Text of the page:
Friday, May 26, 2006

Search resumes for 1950 sunken plane


Daily India
May 25, 2006

SOUTH HAVEN, Mich. -- A search has resumed in Lake Michigan for a near-forgotten Northwest Airlines DC-4 that crashed in a storm 56 years ago and took 58 lives.

Underwater archeologists and amateur historians have embarked on a mission to find the wreckage of Flight 2501 in 200 feet of water about 18 miles northwest of Benton Harbor, The Chicago Tribune reported.

On June 23, 1950, 55 passengers and a crew of three took off from New York's LaGuardia Airport bound for Seattle but encountered stormy weather over the lake and crashed.

Body parts, a fuel tank float, blankets, shredded arm rests and small wooden pieces from the 93-foot-long plane were about all that was recovered from Lake Michigan beaches for several days.

The aircraft had no data or voice recorders and an investigation concluded the plane either broke up or the crew lost control in turbulence.

Searchers this week finished scanning the lakebed with high-tech equipment, and divers hope to return to specific sites on Saturday, the newspaper said.

The search is being financed by Clive Cussler, author of underwater adventure fiction that has sold more than 100 million copies.


Wednesday, May 10, 2006

Piece Of Navy Jet That Crashed Off Florida Washes Up In Ireland

May 09, 2006

NORFOLK, Va. -- A tail section from a U.S. Navy fighter jet that crashed 3½ years ago off Key West, Fla., has turned up 4,900 miles away on a beach in Ireland.

A retired commercial airline captain, identified by the Irish Examiner newspaper as Charlie Coughlan, discovered the tail piece Friday. The Navy confirmed Tuesday that markings on the section, including squadron insignia and a serial number, pointed to the downed F-14 Tomcat.

Currents from the Gulf of Mexico near the tip of Florida might have floated the nearly 10-foot-long triangular piece of vertical stabilizer, one of two on the plane, to the beach in West Cork on Ireland's southern shore.

The F-14, based in Virginia, crashed near Key West in the Gulf of Mexico on Oct. 3, 2002, during a training mission. Both crew members ejected safely.


Tuesday, May 02, 2006

Aviation buff on mission to find lost wreckage


Billings Gazette
May 01, 2006

POLSON -- Somewhere at the bottom of Flathead Lake not far from Yellow Bay sit the remains of a military jet that crashed more than 40 years ago. John Gisselbrecht is intent on finding them.

Gisselbrecht is with Missoula's Museum of Mountain Flying and is launching an underwater search this week to see if he can pinpoint the wreckage, and possibly the pilot's remains.

Gisselbrecht doesn't want to remove the wreckage, but hopes to locate it, identify it and prevent it from being removed by salvagers in the future.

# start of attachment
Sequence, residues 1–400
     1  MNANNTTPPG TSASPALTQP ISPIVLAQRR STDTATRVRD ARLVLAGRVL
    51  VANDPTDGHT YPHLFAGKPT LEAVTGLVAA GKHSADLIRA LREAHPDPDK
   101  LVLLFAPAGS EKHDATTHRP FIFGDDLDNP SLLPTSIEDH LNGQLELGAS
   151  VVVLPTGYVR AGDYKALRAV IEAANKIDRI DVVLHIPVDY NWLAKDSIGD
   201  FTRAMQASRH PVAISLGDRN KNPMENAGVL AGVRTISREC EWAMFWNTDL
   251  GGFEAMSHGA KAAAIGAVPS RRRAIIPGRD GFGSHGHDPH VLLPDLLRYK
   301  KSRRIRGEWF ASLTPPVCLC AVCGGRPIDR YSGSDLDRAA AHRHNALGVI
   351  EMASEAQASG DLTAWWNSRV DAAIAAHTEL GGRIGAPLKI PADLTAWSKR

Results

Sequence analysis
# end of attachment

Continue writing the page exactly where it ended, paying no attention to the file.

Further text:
"We will respect this and treat the site as a grave," he said. "We will not be recovering the pilot or the aircraft."

Capt. John Eaheart of the U.S. Marine Corps Reserve and a combat aviator during the war in Korea, was on a training flight from Los Alamitos Naval Air Station in California when the F9F Cougar fighter and pilot plunged into the lake the evening of March 21, 1960.

Eaheart, 30, had flown to Malmstrom Air Force Base to log training hours, then made a side trip to Missoula where he flew over the homes of his parents and sister -- and then north to Flathead Lake, where the parents of his fiance, Viola Pinkerman lived.

The late K.C. Pinkerman, Viola's father, saw the plane go down from his Blue Bay residence.

Pinkerman provided a good idea of where it crashed. He said it went down about 2 1/2 miles slightly east and north of Matterhorn Point on Wild Horse Island and on a direct line between Matterhorn Point and Blue Bay on the lake's east shore.

Boats and a barge scoured the surface during the days after the crash and found some debris, including Eaheart's aviation helmet with brain tissue inside.

Neither the plane nor its pilot were ever recovered because the lake depth between Wild Horse Island and the east shore exceeds 200 feet, making salvage attempts unfeasible 46 years ago.

Now, that might change.

Gisselbrecht, an aviator from Kalispell, said he's been interested in the fate of the aircraft since 1991. He wants to make sure the pilot and plane rest undisturbed by salvage profiteers and souvenir hunters.

"Technology is changing, and it's more and more likely someone could come in there and scoop that plane out of there and sell it for scrap," he said.

To protect the plane and make sure the body remains undisturbed -- which is also Viola Pinkerman Lewis' wish -- he needs the specific location of the plane and, if possible, the location of Eaheart's remains.

Once he has the information, which he says will remain confidential, he will notify the Montana Historic Preservation Office and the U.S. Department of the Interior's Office of National Registry. Under a federal law called the Antiquities Act, these agencies can protect the site from disturbance.

The cause of the crash has never been determined, at least as far as Gisselbrecht has been able to determine. He made persistent requests for records from both the Air Force and the Marine Corps.